What are pair support notes?
Pair support notes are written by Program Managers to document the differentiated or individualized support they provide to mentors and mentees. These notes are recorded on the platform in a timely manner (ideally within a week after pair support is given) so that they are accurate and up-to-date. They are cumulative and not necessarily reflective of one moment in time.
Why is support documentation important?
There are several reasons why Program Managers are required to document pair support notes:
Continuity of Care: Documented pair support notes ensure that important information about pair interactions and history do not live solely in the mind of one employee, but that they can be accessed and acted upon by others.
- Example: when a Program Manager leaves his/her position and someone new begins to support the cohort
- Example: if a Program Manager is on vacation and his/her out-of-office contact gets a call from a mentor reporting something concerning about a mentee
Accountability: Documented pair support notes can be reviewed and discussed by Program Managers and their managers to ensure high-quality support is being given.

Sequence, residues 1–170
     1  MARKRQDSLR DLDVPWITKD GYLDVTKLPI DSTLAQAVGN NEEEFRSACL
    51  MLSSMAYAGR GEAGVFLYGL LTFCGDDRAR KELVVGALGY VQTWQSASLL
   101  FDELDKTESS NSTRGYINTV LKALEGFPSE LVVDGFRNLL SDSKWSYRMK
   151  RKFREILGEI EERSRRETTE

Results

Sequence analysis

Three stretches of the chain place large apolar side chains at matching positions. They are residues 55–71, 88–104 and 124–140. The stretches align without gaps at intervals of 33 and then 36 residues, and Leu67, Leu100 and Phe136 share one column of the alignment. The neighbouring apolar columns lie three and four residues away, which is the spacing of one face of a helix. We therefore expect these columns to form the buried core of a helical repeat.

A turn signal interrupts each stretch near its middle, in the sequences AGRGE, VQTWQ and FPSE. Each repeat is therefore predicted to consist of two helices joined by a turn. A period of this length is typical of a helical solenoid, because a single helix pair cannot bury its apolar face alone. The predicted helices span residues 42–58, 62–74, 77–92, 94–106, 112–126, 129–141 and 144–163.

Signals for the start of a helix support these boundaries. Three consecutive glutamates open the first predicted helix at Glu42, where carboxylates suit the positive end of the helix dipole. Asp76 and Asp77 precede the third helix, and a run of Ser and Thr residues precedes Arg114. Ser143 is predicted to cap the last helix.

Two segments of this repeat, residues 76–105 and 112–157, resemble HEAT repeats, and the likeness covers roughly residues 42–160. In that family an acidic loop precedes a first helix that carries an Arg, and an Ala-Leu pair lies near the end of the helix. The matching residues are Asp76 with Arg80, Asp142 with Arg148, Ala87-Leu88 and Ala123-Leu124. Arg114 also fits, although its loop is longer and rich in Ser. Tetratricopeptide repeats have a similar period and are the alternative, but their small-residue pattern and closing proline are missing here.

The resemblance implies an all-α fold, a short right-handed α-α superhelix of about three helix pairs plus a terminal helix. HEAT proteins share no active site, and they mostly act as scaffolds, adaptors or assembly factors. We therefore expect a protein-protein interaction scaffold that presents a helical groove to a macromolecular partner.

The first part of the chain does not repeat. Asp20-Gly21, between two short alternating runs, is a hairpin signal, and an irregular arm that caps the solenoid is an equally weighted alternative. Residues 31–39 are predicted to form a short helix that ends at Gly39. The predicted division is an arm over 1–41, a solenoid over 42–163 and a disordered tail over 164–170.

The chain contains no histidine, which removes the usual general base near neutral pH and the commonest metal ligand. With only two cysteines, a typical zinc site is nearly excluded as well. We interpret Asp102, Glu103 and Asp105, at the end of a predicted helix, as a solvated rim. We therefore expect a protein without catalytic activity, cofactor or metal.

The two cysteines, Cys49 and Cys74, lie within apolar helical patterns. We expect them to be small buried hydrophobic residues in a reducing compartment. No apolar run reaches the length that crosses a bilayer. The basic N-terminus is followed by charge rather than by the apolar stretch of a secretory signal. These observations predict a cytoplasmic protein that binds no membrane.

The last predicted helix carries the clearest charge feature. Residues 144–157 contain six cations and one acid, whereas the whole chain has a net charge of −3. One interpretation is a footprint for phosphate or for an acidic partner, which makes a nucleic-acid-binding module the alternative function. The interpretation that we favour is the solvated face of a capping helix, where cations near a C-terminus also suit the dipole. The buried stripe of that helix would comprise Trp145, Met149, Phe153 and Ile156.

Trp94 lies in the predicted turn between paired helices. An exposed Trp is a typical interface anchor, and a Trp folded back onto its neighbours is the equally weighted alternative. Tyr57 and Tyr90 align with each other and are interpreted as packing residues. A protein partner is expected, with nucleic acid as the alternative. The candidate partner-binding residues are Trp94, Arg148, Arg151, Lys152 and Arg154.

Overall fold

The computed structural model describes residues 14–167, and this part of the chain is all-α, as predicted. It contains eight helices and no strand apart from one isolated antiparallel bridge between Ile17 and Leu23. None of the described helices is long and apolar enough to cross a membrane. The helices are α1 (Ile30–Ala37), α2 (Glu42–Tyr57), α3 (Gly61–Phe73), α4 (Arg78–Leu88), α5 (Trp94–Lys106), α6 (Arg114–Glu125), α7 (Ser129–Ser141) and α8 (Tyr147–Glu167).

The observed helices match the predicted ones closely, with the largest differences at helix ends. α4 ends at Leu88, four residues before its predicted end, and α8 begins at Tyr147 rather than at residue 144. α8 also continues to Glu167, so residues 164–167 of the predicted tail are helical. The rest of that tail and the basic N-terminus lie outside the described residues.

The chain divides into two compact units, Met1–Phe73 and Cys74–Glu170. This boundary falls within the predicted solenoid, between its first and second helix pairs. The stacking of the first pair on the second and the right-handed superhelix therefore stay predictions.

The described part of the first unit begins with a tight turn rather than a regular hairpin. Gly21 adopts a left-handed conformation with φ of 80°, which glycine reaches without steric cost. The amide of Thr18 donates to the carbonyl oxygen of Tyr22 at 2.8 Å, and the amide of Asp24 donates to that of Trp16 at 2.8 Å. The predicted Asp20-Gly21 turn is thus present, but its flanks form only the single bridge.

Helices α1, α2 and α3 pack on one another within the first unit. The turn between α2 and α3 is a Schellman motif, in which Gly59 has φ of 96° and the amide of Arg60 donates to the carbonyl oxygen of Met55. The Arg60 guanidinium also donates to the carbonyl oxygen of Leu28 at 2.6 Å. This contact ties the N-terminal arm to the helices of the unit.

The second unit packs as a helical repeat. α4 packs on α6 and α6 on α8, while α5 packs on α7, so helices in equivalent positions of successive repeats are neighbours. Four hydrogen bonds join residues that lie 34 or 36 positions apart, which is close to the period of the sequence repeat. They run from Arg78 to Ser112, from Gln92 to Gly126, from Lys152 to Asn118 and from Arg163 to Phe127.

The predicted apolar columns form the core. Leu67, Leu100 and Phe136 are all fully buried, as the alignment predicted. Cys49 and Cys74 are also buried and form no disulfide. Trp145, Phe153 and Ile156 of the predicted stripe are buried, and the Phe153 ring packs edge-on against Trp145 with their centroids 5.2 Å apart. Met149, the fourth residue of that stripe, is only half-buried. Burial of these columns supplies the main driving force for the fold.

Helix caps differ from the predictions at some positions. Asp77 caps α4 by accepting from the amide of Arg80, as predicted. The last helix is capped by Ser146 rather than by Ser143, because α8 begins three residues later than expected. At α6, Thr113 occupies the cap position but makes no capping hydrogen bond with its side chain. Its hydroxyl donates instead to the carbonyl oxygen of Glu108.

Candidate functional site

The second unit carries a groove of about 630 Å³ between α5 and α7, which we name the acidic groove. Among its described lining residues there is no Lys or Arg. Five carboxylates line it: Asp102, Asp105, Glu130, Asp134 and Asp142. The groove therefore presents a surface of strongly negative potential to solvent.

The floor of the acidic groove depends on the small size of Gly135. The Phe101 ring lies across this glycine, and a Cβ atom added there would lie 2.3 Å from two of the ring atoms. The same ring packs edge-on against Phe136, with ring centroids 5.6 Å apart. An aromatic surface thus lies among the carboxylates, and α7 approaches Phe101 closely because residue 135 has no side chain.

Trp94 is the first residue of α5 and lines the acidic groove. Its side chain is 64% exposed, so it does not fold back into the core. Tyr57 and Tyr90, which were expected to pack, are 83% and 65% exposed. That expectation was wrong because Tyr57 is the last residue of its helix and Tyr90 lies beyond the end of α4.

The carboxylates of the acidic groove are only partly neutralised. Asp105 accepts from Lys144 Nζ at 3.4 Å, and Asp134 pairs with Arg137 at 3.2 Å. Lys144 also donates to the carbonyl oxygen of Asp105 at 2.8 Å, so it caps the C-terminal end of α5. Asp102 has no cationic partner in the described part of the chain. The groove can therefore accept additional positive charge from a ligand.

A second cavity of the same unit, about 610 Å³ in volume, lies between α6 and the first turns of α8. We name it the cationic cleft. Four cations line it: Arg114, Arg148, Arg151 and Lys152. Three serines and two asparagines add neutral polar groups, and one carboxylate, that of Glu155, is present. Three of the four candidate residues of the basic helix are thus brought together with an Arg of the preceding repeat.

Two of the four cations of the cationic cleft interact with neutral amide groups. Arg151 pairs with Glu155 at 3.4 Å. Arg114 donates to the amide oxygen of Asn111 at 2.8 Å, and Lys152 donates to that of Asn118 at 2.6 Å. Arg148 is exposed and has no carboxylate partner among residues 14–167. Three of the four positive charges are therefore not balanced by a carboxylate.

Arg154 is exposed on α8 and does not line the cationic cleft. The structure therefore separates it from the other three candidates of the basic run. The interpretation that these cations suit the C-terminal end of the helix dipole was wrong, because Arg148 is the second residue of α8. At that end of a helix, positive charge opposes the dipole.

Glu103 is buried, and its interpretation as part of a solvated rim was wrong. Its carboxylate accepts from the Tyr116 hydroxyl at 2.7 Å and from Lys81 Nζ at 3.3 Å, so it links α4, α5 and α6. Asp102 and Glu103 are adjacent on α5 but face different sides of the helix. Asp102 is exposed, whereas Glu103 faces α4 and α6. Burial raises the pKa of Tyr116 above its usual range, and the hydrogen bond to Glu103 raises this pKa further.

Service Improvement: Through analysis of pair support notes, Program Managers can discover patterns, such as periods of mentor (dis)engagement, over several years of the relationship. This will help Program Managers to plan interventions and supports accordingly.
Legal and Safety Compliance: iMentor flags any issues that could be a safety threat to the mentees in our program. Please speak more with your Partnership Manager about how you manage safety concerns within your program.
What types of pair support notes do Program Managers document and what do they look like?
iMentor has identified 4 main types of pair support notes that should be documented, though this is not an exhaustive list. Templates have been created for notes to maintain consistency and quality throughout the program. Whenever possible, pair support notes should follow the ‘DAP note’ format and be with the appropriate category tagged, which is commonly used in social work and case management practice (see below for details on category tagging and the structure of DAP notes). For information on how to add a pair support note on the iMentor Platform, read Adding notes and support notes to a user profile.
Types of Pair Support Notes
- Mentor Call Notes: Program Managers conduct calls with mentors at least three times per year as a way to formally check in with mentors on the progress of their match.
- Summary Notes: Summary notes are typically written at the end of each program year to synthesize the obstacles, successes and goal completion of each pair. Summary notes should be completed for every pair in a cohort which will be taken over by a new Program Manager the next year, both to help the incoming Program Manager and also to document institutional knowledge about the pairs.
- Safety Notes: Safety notes are used to document ALL major and minor safety concerns or infractions that come up throughout the program year, in accordance with our legal and safety obligations.